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Get a thorough overview of techniques for creating characters for video games or real-time rendered applications. Author Chris Reilly covers low-poly modeling, texturing and animation, using 3D model and texture assets created in Maya and Adobe Photoshop. The course also includes an overview of Unity 3, including importing characters and making interactive animations with the Script Editor.
Okay, so I've drawn out the bones for my leg joints. Let's go ahead and work on the spine a little bit. Before I go any further, I'm just going to do a little bit of housekeeping here. In my Outliner, I'm going to select my root joint, and all the joints below it, and just make sure that those are placed in the Skeleton layer. Then my low poly layer where my geometry is, I'm going to set that to a Reference layer, so that I don't accidentally select it as I'm going through and placing joints. So let me just zoom in here.
So for the spine, I'm going to draw a few joints leading up the center of the character. So the first one I'm going to draw is going to be aligned where the lower arms kind of branch off. So I'll have a spine joint here, and then I'll start the joints for lower arm later on. So I'll bring up my Joint tool by clicking Skeleton > Joint Tool and as I place this, I'm going to Snap to Grid, because I want to make sure this is all aligned to the Y-axis for mirroring later on. So I will set one and I'm going to title this Spine1.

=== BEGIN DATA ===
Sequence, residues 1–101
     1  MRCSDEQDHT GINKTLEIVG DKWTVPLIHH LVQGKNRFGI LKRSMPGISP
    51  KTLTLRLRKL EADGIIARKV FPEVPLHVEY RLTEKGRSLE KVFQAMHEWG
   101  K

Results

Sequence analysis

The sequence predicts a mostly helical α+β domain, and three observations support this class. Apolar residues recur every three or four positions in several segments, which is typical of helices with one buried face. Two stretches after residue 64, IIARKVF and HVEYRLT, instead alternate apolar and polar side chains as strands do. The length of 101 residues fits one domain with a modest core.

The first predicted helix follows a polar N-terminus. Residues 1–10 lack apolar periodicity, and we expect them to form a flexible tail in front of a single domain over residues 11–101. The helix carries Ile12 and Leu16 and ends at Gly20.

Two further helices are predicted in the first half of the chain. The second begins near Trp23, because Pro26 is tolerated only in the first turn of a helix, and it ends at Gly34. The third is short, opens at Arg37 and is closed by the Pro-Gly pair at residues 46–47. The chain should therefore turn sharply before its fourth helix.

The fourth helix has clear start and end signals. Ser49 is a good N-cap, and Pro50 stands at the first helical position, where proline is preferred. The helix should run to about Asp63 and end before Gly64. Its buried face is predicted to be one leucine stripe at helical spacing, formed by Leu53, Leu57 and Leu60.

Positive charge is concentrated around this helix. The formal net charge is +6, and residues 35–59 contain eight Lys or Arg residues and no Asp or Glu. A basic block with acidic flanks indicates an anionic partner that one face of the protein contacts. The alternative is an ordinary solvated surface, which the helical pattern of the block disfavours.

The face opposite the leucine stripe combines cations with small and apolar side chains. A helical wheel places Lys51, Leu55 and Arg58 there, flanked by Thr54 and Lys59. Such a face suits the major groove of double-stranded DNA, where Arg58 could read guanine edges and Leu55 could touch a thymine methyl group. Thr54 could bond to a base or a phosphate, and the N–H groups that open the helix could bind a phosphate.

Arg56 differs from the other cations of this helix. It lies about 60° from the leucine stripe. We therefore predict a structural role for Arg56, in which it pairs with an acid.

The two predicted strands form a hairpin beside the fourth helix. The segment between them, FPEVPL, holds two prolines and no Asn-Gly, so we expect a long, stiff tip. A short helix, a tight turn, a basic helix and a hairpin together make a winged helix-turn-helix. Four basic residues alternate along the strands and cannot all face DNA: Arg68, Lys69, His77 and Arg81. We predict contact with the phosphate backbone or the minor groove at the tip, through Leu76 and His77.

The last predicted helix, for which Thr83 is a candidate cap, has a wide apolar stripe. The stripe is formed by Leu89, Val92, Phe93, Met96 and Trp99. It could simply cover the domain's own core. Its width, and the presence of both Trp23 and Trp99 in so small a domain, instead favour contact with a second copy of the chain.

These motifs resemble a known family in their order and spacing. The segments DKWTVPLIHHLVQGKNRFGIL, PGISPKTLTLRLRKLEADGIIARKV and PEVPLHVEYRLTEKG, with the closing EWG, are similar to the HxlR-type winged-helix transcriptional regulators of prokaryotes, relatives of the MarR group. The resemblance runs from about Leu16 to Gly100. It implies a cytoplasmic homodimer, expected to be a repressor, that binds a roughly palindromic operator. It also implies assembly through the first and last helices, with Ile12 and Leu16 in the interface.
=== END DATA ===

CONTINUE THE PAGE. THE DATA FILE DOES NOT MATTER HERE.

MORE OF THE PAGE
I'll just move that up a little bit. So I'm just going to zoom-in, and use my Move tool, just to slide this up a little bit, so that we're aligned with the lower arms. I am going to draw another joint above it, in between this joint and then the point on the body where the upper arms are going to branch off. So bring up the Joint tool again, Snap to Grid, and do one more. And just clean these up in the Outliner and then these are going to parent to the root joint.
I'll just keep labeling these. Now since there is no left or right spine here, so these are all aligned to the center. So I'm just going to number these sequentially. And let's go ahead and switch to the Side view. So we can see right now the spine is oriented straight up and down and that's not really how spines work. You want to add a little bit of a curvature and kind of follow more towards the back of the wing contour here. So I'm just going to move these joints just a little bit.
So move these back just to kind of follow that profile. Let's make it a little bit more natural. That looks pretty good. Now, another step I'm going to take with the spine is to build some joints coming out that will help to control sort of the abdominal area of the character. That will help the character deform in a more natural way as he sort of bends over or arches his back. So I'm going to close my Outliner here.
So I'm going to add just a few joints here and I'll bring my Outliner back up to parent these. So this I'll just call Rib1, because we think of it as just kind of like a rib cage, and that will parent to root. I'll bring the Joint tool back up again and I'll make a rib for Spine1. So this we call it Rib2. We'll just repeat that process for the other two spine joints.
So I'll keep working on this. Let's skip ahead and I'll talk about a couple of other steps that I take as I build out the skeleton.
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